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Do food scares explain supplier concentration? An analysis of EU agri-food imports

  • Mélise Jaud

    (EEP-PSE - Ecole d'Économie de Paris - Paris School of Economics - Ecole d'Économie de Paris, PSE - Paris-Jourdan Sciences Economiques - CNRS : UMR8545 - École des Hautes Études en Sciences Sociales (EHESS) - École des Ponts ParisTech (ENPC) - École normale supérieure [ENS] - Paris)

  • Olivier Cadot

    (CERDI - Centre d'études et de recherches sur le developpement international - CNRS : UMR6587 - Université d'Auvergne - Clermont-Ferrand I, CEPREMAP - Centre pour la recherche économique et ses applications - Centre pour la recherche économique et ses applications, CEPR - Center for Economic Policy Research - CEPR, Institut de recherche en management - Université de Lausanne)

  • Akiko Suwa-Eisenmann

    (EEP-PSE - Ecole d'Économie de Paris - Paris School of Economics - Ecole d'Économie de Paris, LEA - Laboratoire d'Economie Appliquée - Institut national de la recherche agronomique (INRA) : UR1043)

This paper documents a decreasing trend in the geographical concentration of EU agro-food imports. Decomposing the concentration indices into intensive and extensive margins components, we find that the decrease in overall concentration indices results from two diverging trends: the pattern of trade diversifies at the extensive margin (EU countries have been sourcing their agri-food products from a wider range of suppliers), while geographical concentration increases at the intensive-margin (EU countries have concentrated their imports on a few major suppliers). This leads to an increasing inequality in market shares between a small group of large suppliers and a majority of small suppliers. We then move on to exploit a database of food alerts at the EU border that had never been exploited before. After coding it into HS8 categories, we regress the incidence of food alerts by product on determinants including exporter dummies as well as HS8 product dummies. Coefficients on product dummies provide unbiased estimates of the intrinsic vulnerability of exported products to food alerts, as measured at the EU border. We incorporate the product risk coefficient as an explanatory variable in a regression of geographical concentration and show that concentration is higher for risky products.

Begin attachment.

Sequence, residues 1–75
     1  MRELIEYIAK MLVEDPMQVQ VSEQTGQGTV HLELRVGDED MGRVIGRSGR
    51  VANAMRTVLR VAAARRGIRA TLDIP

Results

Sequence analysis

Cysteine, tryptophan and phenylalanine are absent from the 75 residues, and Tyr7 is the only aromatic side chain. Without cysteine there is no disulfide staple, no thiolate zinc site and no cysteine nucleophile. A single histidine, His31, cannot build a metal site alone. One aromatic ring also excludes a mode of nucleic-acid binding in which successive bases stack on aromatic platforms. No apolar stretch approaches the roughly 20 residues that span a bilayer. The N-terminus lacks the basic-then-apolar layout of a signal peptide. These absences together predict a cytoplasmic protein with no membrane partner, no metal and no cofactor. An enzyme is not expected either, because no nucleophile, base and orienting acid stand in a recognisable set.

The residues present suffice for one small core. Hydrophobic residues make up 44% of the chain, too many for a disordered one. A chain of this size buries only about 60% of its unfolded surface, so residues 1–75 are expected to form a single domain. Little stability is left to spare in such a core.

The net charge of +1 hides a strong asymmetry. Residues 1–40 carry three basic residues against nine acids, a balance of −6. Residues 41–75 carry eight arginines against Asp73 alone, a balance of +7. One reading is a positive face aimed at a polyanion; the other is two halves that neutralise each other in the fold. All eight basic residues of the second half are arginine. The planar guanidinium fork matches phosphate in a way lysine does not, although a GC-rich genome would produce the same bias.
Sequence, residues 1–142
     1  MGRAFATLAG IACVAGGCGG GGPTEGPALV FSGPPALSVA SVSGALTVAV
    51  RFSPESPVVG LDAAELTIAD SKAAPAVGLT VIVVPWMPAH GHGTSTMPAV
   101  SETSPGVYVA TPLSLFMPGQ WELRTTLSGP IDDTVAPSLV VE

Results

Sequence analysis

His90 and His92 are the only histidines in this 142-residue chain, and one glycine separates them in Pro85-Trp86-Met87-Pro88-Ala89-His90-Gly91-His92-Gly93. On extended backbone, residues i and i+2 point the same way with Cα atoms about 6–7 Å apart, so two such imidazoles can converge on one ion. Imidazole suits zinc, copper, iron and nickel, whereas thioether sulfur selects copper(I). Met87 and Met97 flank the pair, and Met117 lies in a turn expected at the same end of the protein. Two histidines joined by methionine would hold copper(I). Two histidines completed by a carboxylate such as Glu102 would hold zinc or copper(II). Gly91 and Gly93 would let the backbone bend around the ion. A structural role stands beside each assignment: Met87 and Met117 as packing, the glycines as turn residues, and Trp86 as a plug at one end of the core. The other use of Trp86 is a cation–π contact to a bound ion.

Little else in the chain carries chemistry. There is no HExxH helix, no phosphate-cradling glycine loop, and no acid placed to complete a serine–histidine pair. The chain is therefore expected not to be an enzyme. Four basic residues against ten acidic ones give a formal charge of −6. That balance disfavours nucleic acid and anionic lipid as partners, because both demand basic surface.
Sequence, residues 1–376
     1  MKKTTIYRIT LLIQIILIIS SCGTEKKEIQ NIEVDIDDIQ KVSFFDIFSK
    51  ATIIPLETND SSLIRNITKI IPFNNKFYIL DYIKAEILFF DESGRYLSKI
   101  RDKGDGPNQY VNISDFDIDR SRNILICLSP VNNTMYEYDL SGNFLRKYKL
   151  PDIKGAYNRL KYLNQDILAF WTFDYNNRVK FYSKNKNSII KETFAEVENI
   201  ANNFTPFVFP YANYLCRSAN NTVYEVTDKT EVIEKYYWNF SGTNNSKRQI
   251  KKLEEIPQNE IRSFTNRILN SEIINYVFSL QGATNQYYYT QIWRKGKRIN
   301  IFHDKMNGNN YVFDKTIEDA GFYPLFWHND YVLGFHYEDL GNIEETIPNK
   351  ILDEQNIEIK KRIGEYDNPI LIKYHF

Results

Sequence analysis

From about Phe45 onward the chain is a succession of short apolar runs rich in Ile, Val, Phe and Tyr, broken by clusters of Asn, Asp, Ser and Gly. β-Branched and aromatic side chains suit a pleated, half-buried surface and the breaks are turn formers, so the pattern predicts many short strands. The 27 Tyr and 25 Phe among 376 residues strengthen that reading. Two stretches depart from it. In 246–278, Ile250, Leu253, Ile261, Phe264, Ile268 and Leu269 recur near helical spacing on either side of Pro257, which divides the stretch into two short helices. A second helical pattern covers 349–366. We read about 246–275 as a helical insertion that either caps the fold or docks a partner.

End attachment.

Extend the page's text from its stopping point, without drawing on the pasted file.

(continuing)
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Paper provided by HAL in its series PSE Working Papers with number halshs-00574963.

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Date of creation: Jul 2009
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Handle: RePEc:hal:psewpa:halshs-00574963
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  1. Hausmann, Ricardo & Hwang, Jason & Rodrik, Dani, 2005. "What You Export Matters," Working Paper Series rwp05-063, Harvard University, John F. Kennedy School of Government.
  2. Olivier Cadot & Céline Carrere & Vanessa Strauss-Khan, 2011. "Export Diversification:What's behind the Hump?," Working Papers halshs-00556999, HAL.
  3. Cadot, Olivier & Carrère, Céline & Strauss-Kahn, Vanessa, 2010. "Export Diversification: What's behind the Hump?," CEPREMAP Working Papers (Docweb) 1011, CEPREMAP.
  4. Amurgo-Pacheco, Alberto & Pierola, Martha Denisse, 2008. "Patterns of export diversification in developing countries : intensive and extensive margins," Policy Research Working Paper Series 4473, The World Bank.
  5. Lorenzo Cappellari & Stephen P. Jenkins, 2004. "Modelling Low Pay Transition Probabilities, Accounting for Panel Attrition, Non-Response, and Initial Conditions," CESifo Working Paper Series 1232, CESifo Group Munich.
  6. Klinger, Bailey & Lederman, Daniel, 2004. "Discovery and development : an empricial exploration of"new"products," Policy Research Working Paper Series 3450, The World Bank.
  7. Olivier Cadot & Céline Carrere & Vanessa Strauss-Khan, 2011. "Export Diversification: What's behind the Hump?," Working Papers halshs-00553597, HAL.
  8. Paul Brenton & John Sheehy & Marc Vancauteren, 2001. "Technical Barriers to Trade in the European Union: Importance for Accession Countries," Journal of Common Market Studies, Wiley Blackwell, vol. 39(2), pages 265-284, 06.
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